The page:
DAVIE, Fla. — The Miami Dolphins are off to their best start in five years.
All it took was one win.
A fast getaway was a point of emphasis by coach Tony Sparano throughout training camp, and when the countdown clock hanging all summer in the locker room reached 0:00, the Dolphins were ready – ready enough to beat Buffalo, at least.
With a 15-10 win, Miami is 1-0 for the first time since 2005. For Sparano, the glow lasted a couple of minutes.
"On my way in from the field yesterday to the locker room, I was thinking, `OK, how do we get to 2-0?'" he said Monday.
The answer: win Sunday at Minnesota (0-1). The game marks the start of a daunting stretch for the Dolphins, who might be underdogs in their next seven games.
"Any time you get the taste of victory the first week, it's going to boost your confidence," cornerback Jason Allen said. "We're even more hungry to have that taste again."
The Dolphins earned few style points in their opener. An anticipated increase in offensive firepower never materialized, and instead Miami won with a grinding ground game and a defense that dominated the Bills' woeful offense.
"Now we have a bigger thing with Minnesota," linebacker Channing Crowder said. "They have a lot more playmakers than the Bills have."
Crowder watched the opener from home, nursing a groin injury that has sidelined him since Aug. 17. He declined to discuss his chances of playing against Minnesota.
Top draft pick Jared Odrick joined the injury list when he was sidelined in the second half by a bruised right leg. If Odrick is unavailable for the Vikings game, veteran Tony McDaniel would be his likely replacement at defensive end.
Miami had lost five games in a row at Buffalo since 2004, which is one reason Sparano found plenty of cause for encouragement in the victory, however unsightly.
"There were a lot of good things done, a lot of wonderful steps in the right direction," the coach said. "That's a really good team win – to go into that environment, to win that way, to watch your offense run the ball well enough, to watch your defense make stops.
"This group is coming together nicely. As I told them the other night before the game, one of the greatest compliments I can pay them is that I trust them to do the right things in the right situations. And they're going to do them hard. They're just grinders."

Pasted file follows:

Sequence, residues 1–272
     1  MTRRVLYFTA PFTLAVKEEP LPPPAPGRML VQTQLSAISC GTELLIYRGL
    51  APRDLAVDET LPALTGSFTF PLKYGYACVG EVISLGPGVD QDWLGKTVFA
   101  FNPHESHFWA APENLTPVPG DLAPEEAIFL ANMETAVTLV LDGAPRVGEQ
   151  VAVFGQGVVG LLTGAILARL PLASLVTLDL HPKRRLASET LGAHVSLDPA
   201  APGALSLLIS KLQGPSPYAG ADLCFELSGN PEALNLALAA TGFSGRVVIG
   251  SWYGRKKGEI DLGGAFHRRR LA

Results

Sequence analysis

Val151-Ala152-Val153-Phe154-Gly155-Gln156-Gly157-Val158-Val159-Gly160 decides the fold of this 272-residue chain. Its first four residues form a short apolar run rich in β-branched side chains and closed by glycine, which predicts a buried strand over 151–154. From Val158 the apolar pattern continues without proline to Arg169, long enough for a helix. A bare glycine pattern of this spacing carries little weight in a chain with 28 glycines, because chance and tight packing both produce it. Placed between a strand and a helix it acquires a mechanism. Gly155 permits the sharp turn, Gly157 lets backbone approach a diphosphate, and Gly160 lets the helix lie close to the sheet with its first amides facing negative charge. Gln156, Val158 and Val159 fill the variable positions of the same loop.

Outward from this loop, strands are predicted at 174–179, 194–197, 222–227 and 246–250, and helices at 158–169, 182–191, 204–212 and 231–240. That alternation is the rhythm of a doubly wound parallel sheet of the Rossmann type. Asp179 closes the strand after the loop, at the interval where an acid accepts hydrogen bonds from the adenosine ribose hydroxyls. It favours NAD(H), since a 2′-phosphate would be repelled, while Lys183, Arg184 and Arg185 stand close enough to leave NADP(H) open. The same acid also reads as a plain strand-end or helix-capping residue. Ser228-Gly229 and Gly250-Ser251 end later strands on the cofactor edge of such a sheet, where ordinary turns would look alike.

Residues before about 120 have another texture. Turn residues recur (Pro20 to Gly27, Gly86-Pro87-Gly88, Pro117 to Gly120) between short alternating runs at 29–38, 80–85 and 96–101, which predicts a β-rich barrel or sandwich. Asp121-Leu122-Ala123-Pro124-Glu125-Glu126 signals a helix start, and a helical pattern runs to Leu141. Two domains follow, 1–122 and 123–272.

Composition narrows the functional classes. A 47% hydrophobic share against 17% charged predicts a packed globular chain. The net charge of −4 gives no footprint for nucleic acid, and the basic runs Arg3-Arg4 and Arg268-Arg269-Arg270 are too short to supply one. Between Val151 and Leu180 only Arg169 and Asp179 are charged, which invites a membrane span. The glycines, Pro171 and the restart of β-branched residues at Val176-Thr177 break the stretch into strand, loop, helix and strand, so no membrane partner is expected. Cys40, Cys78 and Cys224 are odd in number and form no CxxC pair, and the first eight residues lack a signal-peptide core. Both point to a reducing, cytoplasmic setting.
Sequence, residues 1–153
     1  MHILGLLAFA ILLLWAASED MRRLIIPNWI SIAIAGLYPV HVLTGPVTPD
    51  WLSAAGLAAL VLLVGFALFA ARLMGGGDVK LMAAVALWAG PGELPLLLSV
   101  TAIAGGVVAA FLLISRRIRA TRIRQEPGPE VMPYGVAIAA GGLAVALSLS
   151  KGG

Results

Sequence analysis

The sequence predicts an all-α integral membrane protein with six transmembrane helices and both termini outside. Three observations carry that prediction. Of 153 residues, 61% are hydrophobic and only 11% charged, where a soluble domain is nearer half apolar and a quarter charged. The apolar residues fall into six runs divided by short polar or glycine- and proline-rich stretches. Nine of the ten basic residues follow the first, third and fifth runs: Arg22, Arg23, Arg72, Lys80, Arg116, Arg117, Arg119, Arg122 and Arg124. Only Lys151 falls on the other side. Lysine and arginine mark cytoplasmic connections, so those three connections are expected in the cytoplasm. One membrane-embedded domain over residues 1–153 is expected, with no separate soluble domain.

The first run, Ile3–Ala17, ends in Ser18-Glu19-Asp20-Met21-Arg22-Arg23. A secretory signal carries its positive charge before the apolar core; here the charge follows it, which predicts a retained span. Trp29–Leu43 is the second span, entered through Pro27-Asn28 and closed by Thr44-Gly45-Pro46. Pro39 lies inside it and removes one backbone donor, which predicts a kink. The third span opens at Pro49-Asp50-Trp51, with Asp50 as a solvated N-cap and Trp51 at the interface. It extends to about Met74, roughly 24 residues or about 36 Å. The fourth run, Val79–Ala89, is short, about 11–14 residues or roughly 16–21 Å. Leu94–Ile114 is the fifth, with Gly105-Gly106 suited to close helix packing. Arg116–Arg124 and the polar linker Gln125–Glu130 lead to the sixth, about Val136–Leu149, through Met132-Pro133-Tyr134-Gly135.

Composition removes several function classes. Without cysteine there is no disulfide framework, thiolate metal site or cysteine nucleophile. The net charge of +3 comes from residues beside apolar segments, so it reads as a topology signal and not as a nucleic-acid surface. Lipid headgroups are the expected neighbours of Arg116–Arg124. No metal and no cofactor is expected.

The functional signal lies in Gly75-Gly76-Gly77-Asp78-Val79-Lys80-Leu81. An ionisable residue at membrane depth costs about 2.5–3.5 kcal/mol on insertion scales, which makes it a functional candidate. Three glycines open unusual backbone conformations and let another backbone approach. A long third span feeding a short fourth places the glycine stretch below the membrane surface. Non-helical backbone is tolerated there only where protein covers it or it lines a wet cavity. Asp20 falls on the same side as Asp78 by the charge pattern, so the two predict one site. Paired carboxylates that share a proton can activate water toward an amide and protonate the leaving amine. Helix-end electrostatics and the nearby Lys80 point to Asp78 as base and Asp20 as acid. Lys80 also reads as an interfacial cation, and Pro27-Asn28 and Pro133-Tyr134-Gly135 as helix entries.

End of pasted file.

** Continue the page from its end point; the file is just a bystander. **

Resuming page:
The Dolphins' season debut would have been more handsome if not for three squandered scoring chances. Allen and Benny Sapp dropped potential interceptions with only the end zone in front of them, and Chad Henne underthrew a long pass to a wide open Brandon Marshall, who hit the brakes and dropped the ball.
Allen's misplay came when he was only two steps from a touchdown.
"I got a little too happy, a little too anxious," he said. "I dreamed about it all the way back home and all last night: What if?"
The Dolphins acquired Marshall in part because of his big-play potential, and they're counting on an aggressive new defensive scheme to create more takeaways.
But they need to catch the ball.
"It's frustrating because to me those are green-light specials," Sparano said. "They can really put the thing out of reach. You don't have to make all three of them, but you've got to make one of them, and we didn't make any. That's an area where we've got to get better."
On the plus side, the Dolphins had an advantage of nearly 14 minutes in time of possession and committed no turnovers. Newcomers Marshall, Odrick, Karlos Dansby and Koa Misi all played well, as did Allen and Chris Clemons, both new starters in a revamped secondary.
Beating Buffalo beats last year, when the Dolphins started 0-3. Or 2008, when they started 0-2. Or 2007, when they started 0-13.
That's why running back Ronnie Brown entered the locker room Monday wearing a grin.
"We didn't have a game this morning," he said, "so we're still 1-0."
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